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Grand Haven students participate in annual fishing event
Grand Haven Tribune (5/15)
In Michigan, Grand Haven Area Public Schools partnered with a nonprofit organization called Pursuing a Dream to give about 300 students with special needs the opportunity to fish and enjoy the outdoors.

NYPA funding aids three St. Lawrence River projects
Watertown Daily Times (5/10)
The St. Lawrence River Research and Education Fund has provided funding for three projects that support environmental education in and around the riverís ecosystem.

Lake Michigan Academy students learn from 'Salmon in School' project
MLive (5/9)
About 100 schools throughout Michigan are selected to take part in the Lake Michigan Academy program that aims to help stock local rivers and support fishing as a leisure activity.

Huron Perth students find Lake Huron threats
Blackburn News (5/1)
Nearly 60 high school students from the public and separate boards in Huron and Perth counties spent one day at the Oakwood Inn in Grand Bend, Ontario, where they were learning about the environmental threats and challenges to Lake Huron.

TEACH Calendar of Events
What's going on in your neighborhood this month? Meet other people and learn together at recreational and educational events! Our new dynamic calendar is updated daily with current educational events.
Great Lakes Ports & Shipping

table of contents
Introduction
An efficient, safe alternative
The ships
Cargoes: Iron ore and more
Travel between ports
To the ocean and beyond
References and more information

The Great Lakes, often referred to as the "fourth seacoast," are home to the U.S.-Flag fleet and the Canadian-Flag fleet. In addition, dozens of international vessels regularly travel through the Great Lakes, visiting port communities along the way. These vessels, known as "salties" because of their saltwater origin, come from all over the world and have sailors from many different lands.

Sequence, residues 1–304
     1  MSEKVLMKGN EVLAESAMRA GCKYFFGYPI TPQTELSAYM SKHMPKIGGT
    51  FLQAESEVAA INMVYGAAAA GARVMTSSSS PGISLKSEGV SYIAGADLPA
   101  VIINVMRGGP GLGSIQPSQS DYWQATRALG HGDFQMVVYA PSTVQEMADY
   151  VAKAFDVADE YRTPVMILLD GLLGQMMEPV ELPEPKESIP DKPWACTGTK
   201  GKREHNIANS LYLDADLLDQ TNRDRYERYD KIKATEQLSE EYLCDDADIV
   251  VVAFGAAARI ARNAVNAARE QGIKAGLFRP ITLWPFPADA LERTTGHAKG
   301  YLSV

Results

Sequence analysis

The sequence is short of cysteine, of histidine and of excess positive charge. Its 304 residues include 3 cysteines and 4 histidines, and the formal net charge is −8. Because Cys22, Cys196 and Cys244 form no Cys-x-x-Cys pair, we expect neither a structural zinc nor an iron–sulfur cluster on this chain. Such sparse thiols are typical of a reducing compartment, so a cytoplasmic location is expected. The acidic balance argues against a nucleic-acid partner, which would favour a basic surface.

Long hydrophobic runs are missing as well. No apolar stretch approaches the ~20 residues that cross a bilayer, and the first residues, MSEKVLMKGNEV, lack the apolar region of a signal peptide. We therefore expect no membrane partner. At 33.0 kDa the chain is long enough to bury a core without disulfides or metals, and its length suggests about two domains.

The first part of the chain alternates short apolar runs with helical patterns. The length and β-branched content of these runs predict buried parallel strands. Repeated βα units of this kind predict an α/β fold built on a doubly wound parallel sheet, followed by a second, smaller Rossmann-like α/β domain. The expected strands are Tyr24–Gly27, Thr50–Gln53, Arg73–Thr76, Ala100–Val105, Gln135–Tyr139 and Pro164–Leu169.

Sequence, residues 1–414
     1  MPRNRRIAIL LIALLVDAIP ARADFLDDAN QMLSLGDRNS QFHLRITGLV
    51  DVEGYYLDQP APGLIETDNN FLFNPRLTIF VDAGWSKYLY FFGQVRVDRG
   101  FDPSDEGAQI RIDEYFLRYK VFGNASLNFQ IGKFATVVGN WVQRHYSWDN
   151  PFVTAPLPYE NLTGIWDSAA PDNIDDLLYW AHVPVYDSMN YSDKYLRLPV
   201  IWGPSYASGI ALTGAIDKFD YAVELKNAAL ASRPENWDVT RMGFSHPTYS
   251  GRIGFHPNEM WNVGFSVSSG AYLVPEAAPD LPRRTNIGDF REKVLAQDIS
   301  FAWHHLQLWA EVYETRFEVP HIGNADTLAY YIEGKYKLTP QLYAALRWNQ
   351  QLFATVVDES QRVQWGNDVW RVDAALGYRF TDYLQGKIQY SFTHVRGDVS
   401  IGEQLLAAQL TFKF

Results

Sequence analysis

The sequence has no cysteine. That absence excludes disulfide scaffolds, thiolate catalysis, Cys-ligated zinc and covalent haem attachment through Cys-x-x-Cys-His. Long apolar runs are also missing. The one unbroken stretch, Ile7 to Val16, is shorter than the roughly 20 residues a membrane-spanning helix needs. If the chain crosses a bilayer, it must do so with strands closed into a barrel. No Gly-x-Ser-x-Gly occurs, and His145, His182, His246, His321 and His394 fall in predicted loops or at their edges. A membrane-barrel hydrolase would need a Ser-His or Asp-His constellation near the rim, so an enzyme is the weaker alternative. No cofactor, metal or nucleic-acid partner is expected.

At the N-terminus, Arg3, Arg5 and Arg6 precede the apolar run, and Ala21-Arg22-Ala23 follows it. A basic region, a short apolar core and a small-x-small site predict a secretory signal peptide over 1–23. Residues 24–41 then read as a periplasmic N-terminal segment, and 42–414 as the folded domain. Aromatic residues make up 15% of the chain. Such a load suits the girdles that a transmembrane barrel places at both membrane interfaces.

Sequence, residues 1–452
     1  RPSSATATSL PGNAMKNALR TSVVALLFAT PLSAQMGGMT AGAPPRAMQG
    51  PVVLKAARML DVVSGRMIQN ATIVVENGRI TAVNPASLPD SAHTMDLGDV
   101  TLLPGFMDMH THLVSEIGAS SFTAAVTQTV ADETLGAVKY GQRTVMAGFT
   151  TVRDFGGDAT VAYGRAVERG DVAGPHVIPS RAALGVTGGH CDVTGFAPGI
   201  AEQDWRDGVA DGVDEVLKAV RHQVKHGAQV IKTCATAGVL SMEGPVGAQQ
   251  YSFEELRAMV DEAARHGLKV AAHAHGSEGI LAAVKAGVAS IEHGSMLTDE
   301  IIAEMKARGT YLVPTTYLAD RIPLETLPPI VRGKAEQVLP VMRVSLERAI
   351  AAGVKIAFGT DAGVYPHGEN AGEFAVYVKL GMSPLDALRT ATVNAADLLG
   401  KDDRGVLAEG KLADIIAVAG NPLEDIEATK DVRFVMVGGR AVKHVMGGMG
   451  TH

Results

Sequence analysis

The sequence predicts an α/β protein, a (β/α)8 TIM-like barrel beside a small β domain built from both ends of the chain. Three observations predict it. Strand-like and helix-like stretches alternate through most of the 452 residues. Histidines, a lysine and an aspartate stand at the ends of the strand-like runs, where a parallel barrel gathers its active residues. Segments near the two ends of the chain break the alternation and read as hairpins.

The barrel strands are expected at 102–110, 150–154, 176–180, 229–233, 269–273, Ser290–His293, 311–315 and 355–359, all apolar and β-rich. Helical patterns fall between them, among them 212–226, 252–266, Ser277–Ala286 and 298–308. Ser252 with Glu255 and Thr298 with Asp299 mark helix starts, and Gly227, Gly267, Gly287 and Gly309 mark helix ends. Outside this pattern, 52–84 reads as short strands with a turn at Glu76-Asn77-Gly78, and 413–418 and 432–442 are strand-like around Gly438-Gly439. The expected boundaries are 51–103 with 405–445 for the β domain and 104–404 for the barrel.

The U.S.-Flag fleet includes more than 60 carriers and tankers, as well as dozens of smaller tug and barge units. These vessels team up to haul upwards of 125 million tons of cargo during a typical 10-month shipping season. That's almost half a ton for every person living in the United States! Iron ore, coal and limestone are the primary commodities carried; other cargoes include cement, salt, sand, grain and liquid-bulk products.

An efficient and safe alternative to rail, road or air
Several Great Lakes ports are closer to European markets than East Coast or Gulf ports, which saves shippers time and money. For example, to travel from Baltimore, Maryland, to Liverpool, England, is 3,936 miles (6,334 km). Via the Great Lakes-St. Lawrence Seaway, ships can reach Detroit, Mich., by covering only 3,673 miles (5,911 km).

Ship travel saves energy, too, in comparison to trains, trucks and airplanes. A ship can move a ton of freight up to 500 miles on one gallon of fuel. A single 1,000-foot laker can carry as much cargo as six 100-car unit trains, which makes ships a very economical way to haul bulk quantities.

Fuel efficiency also translates into fewer air emissions than produced by trucks or trains. Ship transport is safer, too; serious accidents involving large cargo vessels are rare. Occasionally vessels become grounded but these incidents are usually much less serious than comparable railroad or truck accidents.

Shipping on the Great Lakes also provides many jobs for the region. In fact, more than 60,000 U.S. and Canadian jobs are directly dependent on cargo movements. In addition, hundreds of thousands of other jobs, many in the manufacturing sector, are tied to the maritime system. An abundance of steel mills were built along the shores of the Great Lakes and connecting channels because of the convenient, low-cost delivery of the industry's raw materials: iron ore, coal and limestone. Other manufacturing enterprises that use steel, such as automobile assembly in Detroit, Mich., also became popular and remain a hallmark of the region's economy.

Read on to learn more about the ships that travel the Great Lakes, what they carry and their ports of call.

Collage photos courtesy Great Lakes Commission; stack insignia courtesy Great Lakes and Seaway Shipping; base map courtesy St. Lawrence Seaway Management Corporation

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